Many specific issues were successfully addressed through concerted media campaigns. For instance, soon after its launch in October 1994, Charkha created quite a stir with its media campaign on Cerebral Malaria Deaths in Rajasthan. Most deaths which were in remote areas had gone unreported. After Charkha provided background information to media persons, organizing press conferences and placing well-researched articles in The Hindu, The Times of India, Pioneer, Rajasthan Patrika, Jansatta and others, the then Prime Minister called for high level meetings and action.


Similar was the case of the profitable co-operative run by the tribal fishermen at the Tawa Dam in Kesla block of Hoshangabad district, Madhya Pradesh. Although the unlettered, traditional fishermen had generated a profit during their five year lease period, the government was reluctant to renew their lease. In December 2001, the fishermen organized a two day meet to fight for their right; and Charkha highlighted their struggle through the mainstream media. The government was forced to reconsider and the fishermen’s livelihoods were protected.

In Angada block of Ranchi District of Jharkhand in 2004, the broadcast of radio episodes in the tribal dialect of Panchpargania covering local issues of education and infrastructure resulted in teachers returning to school and electricity being restored. It brought a visible and fundamental change in the way rural marginalized communities viewed their role in the development processes.

After the Charkha team had raised the serious issue of absence of drinking water supply in Government Secondary School, Karmatang, Mayabunder in North Andaman District in mid-2008, the Deputy Commissioner of the district visited the school and issued immediate instructions for the construction of a water tank in the school compound, which was complied with soon after. The Andaman Eco Network facilitated by Charkha has provided the school authorities with a platform and opportunity to present their issues to the State Administration directly.


An instance of the power of the print medium to make a difference in the lives of communities was illustrated by an article written by a Charkha Staff in September 2009 with inputs from a Workshop participant. A pond’s ghat in a village in Sitamarhi District in North Bihar used for ceremonies by the Hindu families in the region was causing degradation to the bank and therefore, loss of land to a Muslim graveyard adjacent to the pond. Local efforts to fence the area had been unsuccessful, causing some friction between the two communities on communal lines. The article on the matter, recommending the construction of a concrete wall to stem the damage, was published in local newspapers, leading the District Government officials to visit the site the same evening and promise resources to build a permanent fence. This averted a potential situation of communal conflict, reinstating harmony among the families who have co-existed peacefully for many decades.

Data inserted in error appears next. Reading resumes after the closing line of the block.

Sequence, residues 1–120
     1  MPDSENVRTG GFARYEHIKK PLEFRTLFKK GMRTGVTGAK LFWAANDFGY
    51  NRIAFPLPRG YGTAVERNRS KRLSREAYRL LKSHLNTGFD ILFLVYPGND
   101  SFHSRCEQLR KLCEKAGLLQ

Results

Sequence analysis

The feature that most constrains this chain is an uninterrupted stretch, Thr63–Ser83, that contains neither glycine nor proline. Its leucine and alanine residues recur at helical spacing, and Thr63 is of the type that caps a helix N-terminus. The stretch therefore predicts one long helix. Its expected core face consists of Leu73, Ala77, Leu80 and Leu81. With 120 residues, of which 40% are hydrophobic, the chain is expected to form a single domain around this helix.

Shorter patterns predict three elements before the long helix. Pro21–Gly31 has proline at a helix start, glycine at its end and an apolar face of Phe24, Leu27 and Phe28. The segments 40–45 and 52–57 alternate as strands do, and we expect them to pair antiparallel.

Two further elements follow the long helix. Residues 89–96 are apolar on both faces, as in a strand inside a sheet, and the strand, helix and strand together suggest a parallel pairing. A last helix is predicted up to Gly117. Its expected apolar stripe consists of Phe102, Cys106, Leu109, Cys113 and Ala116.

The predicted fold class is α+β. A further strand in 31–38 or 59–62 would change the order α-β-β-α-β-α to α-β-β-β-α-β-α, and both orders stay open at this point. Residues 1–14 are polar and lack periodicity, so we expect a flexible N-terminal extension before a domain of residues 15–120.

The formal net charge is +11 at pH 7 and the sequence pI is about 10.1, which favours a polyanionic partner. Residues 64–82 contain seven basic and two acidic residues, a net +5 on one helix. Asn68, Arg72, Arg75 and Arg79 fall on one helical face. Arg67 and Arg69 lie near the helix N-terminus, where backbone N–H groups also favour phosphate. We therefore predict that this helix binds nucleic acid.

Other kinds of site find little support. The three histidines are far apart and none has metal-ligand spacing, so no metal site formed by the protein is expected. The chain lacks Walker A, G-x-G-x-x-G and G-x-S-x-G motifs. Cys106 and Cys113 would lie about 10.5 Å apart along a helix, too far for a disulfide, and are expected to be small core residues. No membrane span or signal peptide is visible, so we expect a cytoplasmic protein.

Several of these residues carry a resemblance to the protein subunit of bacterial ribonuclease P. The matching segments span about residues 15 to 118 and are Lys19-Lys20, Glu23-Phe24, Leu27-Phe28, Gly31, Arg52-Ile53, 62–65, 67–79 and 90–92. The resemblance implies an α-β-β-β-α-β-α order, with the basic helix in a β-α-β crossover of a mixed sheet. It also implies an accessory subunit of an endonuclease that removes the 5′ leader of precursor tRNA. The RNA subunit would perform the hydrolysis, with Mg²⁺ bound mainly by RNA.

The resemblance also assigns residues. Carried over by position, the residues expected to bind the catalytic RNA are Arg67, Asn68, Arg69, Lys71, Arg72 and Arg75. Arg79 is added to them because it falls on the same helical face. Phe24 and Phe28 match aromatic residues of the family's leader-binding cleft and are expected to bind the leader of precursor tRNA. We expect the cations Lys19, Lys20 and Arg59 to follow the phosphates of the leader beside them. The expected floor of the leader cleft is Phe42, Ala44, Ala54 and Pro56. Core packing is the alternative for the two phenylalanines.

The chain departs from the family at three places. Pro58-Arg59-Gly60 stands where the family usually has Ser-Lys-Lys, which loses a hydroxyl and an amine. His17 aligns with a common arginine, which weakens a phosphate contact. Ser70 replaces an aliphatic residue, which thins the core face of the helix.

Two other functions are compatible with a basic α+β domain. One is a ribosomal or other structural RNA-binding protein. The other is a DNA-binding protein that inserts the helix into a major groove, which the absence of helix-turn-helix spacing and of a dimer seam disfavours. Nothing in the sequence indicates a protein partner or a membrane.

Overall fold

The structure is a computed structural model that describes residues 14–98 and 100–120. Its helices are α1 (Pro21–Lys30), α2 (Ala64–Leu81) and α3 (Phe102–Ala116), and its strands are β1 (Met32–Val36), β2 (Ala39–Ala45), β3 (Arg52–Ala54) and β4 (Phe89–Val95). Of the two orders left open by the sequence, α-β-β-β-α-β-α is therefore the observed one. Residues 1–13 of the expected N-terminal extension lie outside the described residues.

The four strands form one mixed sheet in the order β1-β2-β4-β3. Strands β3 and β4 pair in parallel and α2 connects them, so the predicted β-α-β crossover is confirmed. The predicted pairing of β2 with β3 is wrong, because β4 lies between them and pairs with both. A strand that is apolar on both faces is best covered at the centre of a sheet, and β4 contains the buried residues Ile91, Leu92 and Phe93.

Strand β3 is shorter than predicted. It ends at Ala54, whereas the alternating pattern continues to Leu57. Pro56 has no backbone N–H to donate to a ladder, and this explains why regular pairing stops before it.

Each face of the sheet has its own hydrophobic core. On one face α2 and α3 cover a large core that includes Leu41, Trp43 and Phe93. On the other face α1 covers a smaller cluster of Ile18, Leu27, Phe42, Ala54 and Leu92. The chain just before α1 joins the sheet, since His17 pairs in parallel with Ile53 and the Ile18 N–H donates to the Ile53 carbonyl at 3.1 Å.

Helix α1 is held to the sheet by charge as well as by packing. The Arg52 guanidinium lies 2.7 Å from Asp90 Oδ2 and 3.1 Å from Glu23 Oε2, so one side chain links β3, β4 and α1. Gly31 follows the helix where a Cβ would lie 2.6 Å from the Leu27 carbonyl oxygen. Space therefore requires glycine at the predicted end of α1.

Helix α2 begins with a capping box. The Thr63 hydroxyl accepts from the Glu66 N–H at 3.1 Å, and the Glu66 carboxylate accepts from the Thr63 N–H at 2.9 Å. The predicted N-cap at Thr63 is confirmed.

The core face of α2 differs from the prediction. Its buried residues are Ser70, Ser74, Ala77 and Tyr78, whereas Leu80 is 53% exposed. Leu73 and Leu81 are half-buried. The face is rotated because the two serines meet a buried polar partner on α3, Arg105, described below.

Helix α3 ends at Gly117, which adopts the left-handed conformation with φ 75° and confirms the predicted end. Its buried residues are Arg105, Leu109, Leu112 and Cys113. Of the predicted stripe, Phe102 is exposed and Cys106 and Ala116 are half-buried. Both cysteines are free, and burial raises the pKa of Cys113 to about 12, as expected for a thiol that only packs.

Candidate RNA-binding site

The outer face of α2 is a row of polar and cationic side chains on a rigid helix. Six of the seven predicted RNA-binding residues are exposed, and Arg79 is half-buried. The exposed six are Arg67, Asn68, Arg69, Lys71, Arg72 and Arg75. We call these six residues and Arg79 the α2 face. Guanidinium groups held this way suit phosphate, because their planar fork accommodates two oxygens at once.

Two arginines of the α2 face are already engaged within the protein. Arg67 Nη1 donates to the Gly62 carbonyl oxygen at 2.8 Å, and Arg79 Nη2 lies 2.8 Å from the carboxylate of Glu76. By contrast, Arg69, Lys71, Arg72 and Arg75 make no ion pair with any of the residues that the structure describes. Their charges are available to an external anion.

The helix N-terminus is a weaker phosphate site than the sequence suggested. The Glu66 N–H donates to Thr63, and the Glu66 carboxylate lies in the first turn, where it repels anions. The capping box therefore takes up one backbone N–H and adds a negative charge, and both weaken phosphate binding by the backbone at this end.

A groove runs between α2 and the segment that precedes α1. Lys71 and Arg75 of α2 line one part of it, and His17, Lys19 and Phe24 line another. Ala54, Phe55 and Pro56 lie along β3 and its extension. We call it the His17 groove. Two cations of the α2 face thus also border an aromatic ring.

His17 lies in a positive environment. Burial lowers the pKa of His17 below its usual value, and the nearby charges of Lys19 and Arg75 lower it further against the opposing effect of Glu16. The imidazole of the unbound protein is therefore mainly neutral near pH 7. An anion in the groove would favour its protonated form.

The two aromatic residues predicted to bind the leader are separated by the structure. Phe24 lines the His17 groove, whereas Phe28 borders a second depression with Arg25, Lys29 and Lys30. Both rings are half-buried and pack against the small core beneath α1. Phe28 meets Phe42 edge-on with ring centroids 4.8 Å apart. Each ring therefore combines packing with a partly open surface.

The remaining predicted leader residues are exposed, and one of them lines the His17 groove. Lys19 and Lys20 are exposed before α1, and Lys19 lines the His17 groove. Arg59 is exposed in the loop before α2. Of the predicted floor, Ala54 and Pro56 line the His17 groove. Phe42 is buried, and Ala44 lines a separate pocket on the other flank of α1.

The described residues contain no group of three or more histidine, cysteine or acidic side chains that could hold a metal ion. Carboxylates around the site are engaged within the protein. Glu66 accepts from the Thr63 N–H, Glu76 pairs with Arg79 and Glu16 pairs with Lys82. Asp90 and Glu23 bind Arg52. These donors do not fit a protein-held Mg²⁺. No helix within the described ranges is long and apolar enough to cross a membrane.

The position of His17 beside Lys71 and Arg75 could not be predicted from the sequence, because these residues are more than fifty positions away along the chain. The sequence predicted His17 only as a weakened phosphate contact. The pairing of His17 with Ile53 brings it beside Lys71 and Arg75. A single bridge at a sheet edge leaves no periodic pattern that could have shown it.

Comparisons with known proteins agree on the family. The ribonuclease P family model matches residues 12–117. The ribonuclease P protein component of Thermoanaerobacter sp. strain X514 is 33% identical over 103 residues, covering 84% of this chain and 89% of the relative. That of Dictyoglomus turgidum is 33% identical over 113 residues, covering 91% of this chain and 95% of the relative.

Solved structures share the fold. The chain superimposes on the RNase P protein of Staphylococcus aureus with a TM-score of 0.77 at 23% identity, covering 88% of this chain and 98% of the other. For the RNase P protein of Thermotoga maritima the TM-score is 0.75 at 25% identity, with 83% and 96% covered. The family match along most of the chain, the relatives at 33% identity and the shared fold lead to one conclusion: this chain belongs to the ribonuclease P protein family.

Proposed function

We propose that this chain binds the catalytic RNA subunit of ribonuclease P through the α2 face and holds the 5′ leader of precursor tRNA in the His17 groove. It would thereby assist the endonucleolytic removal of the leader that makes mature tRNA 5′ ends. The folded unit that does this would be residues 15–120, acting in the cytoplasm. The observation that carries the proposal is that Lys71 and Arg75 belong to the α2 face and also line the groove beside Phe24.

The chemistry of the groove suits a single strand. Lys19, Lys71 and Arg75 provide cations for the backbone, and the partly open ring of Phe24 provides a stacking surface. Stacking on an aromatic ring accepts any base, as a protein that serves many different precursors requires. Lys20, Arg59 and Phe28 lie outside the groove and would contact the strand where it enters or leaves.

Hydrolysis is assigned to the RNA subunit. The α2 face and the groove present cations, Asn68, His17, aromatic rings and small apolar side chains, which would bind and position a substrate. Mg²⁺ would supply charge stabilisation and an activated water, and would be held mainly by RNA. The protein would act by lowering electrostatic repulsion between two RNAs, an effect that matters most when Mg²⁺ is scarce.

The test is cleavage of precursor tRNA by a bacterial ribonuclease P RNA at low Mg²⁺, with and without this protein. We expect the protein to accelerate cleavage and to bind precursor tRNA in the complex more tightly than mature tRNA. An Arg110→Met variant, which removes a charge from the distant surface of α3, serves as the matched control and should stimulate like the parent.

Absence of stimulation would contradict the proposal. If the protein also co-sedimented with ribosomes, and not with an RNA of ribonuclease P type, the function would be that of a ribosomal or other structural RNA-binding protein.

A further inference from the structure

An Abilities Mela facilitated by Charkha in September 2009 in Leh, Ladakh, and an opportunity at a Charkha’s Founders Day function in December 2009 gave a platform for visibility and networking to People’s Action Group for Inclusion and Rights (PAGIR), a Leh-based organization working on Disability issues. Recognition for their charismatic leader, the disabled and unlettered Md Iqbal, won him the CNN-IBN Real Heroes Award in March 2009, which gave a crucial fillip to their work and helped generate partnerships with other Civil Society Organizations.


In Karihama Village of Kralpora Block in the border district of Kupwara District in the state of Jammu & Kashmir, Posha Begum, a young widow, supports her family of three children single-handedly after her husband was killed by a stray bullet. Her eldest son, a boy of 15, needed urgent eye treatment and she received no help from her relatives.  In February 2010, she approached the Resource Centre at Kupwara run by Charkha’s Srinagar-based partner, HELP Foundation, where she received help and guidance to successfully avail of the financial benefits by the State Government’s Social Welfare Department.


In March 2010, two articles – one on an economically disadvantaged family in Lolab Block and another on the flood-prone villages in Kralpora Block – written by participants of the Skill Building Sessions at Kupwara, J&K and published through Charkha Feature Service in Srinagar-based Urdu publications, stimulated responses from the local administration to take appropriate action; and from concerned individuals who expressed their desire to lend support to the deprived family.


Charkha’s initiatives have brought together rural youth from different States who now have a deeper understanding of the development issues of their people and are keen to contribute to the empowerment processes whereby there is increased participation of rural people in locally sustained development through informed decision making.

Across states, many participants have started writing regularly for local newspapers. Two participants from Bihar, for instance, receive regular assignments from local newspapers and one has even been given a Press Card to establish his identity as a journalist. Another now reports regularly for a Nepal-based radio channel just across the border from Sitamarhi District!

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